Top Lincolns of All Time
Ever since its founding in 1917, Lincoln has been an integral part of the American automotive industry. Initially, Lincoln manufactured Liberty aircraft engines as part of the World War I effort, but it soon branched out into luxury motorcars, beginning with the L Series in 1920. Two years later, Ford purchased the fledgling carmaker and it became Ford’s luxury division. Lincoln has made many memorable cars over the years, and here are some of its finest. 1961 Lincoln Continental:
Four years after the introduction of the first generation Continental, Lincoln debuted a stunning new take on the full-size sedan. The new Continental, which bowed in early 1961, featured tasteful applications of chrome, an aggressive front end and, most notably, suicide rear doors. The massive, beautifully styled automobile was the perfect car for the Mad Men era, when gas was plentiful and times were good.
1961 Lincoln X-100:
This was the limousine that JFK was riding in when he was killed that tragic November evening in Dallas. The car was a 1961 Continental that received a long list of modifications, including a removable bulletproof top for parades. Final cost for the car was around $205,000, according to the Benson Ford Research Center.
After the assassination, the car was briefly impounded as evidence, then put back into service in 1964 after another intensive overhaul. Chief among these adjustments was the installation of a non-removable top. After the JFK assassination, the Secret Service required that all presidents ride in a fully armored limousine, and open top touring cars quickly disappeared from the White House garage. However, Lincolns would continue to grace presidential entourages for years to come after the JFK assassination.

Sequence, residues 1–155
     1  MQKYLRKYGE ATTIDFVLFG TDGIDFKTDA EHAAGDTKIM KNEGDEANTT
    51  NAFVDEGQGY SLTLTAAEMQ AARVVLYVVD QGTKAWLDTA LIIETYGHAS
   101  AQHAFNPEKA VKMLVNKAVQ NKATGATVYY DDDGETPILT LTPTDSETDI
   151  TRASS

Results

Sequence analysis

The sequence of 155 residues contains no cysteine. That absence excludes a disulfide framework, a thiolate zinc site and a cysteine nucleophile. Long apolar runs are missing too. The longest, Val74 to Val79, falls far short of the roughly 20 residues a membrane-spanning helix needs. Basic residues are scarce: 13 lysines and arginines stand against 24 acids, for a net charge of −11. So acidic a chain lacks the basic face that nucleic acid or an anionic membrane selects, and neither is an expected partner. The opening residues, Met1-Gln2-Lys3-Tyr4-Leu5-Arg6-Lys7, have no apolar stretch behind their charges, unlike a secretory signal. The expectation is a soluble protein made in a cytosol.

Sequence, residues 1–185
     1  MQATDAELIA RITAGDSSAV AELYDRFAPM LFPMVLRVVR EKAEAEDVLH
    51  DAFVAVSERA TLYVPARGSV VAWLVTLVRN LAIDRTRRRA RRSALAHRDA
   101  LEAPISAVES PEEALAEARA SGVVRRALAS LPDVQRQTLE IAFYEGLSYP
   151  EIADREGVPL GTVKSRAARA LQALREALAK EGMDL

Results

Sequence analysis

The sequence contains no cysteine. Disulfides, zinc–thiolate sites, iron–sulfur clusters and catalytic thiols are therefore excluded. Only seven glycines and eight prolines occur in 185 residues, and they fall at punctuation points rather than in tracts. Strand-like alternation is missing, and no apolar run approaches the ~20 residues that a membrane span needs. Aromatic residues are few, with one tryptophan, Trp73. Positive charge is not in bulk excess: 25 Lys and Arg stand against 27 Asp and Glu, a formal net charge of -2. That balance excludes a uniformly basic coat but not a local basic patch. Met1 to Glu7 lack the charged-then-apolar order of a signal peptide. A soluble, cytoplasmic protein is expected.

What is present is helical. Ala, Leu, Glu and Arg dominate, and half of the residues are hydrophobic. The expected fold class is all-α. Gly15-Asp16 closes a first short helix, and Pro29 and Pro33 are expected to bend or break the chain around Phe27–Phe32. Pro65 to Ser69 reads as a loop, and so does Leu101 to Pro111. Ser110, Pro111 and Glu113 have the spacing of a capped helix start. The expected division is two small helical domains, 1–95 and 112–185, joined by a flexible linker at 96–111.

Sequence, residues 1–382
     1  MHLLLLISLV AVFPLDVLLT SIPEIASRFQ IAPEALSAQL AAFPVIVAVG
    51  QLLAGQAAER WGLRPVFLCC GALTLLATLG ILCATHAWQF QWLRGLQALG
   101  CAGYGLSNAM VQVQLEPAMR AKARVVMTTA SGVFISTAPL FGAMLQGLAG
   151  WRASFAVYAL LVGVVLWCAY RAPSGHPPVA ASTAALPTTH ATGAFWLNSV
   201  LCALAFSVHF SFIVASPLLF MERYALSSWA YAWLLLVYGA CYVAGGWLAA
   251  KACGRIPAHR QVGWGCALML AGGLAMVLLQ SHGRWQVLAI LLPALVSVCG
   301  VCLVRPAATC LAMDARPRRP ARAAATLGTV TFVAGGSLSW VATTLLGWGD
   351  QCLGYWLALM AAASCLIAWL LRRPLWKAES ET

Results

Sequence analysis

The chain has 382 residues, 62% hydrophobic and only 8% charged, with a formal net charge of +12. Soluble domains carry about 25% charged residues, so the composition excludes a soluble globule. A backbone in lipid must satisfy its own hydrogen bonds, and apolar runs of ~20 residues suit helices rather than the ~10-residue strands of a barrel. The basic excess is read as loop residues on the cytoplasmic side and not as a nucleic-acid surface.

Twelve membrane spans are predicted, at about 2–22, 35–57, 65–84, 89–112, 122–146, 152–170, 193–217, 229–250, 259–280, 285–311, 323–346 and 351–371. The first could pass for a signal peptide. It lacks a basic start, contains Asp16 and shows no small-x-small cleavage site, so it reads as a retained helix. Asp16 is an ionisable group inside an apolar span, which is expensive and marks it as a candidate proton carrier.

1981 Lincoln Town Car:
This was the first iteration of a long line of Lincoln full-size sedans that would bear the Town Car marque. It featured a traditional rear-wheel drive setup, along with a spacious bench seat interior. The Town Car lineup would come to be Lincoln’s prize breadwinner through the 1980s and 1990s, up until the Town Car’s final run in 2011.
1998 Lincoln Navigator:
The Navigator came at the perfect time, as America was in the midst of a love affair with the full-size, truck-based SUV. It was a heavily facelifted version of the popular Ford Expedition, with a plush interior and a healthy offering of options. It was a home run for Lincoln, bringing in thousands of new customers and increasing its bottom-line by a considerable margin.
2000 Lincoln LS:
By 2000, American consumers were getting tired of massive, full-size domestic luxury sedans. Audi, BMW and upstart Lexus were beginning to dominate the American luxury market. To combat this, Lincoln introduced the LS, which was an attractive, rear-wheel drive performance-oriented sedan that would fight the Audis and BMWs on its own terms. The car garnered rave reviews from critics and took home Motor Trend’s prestigious 2000 Car of the Year award.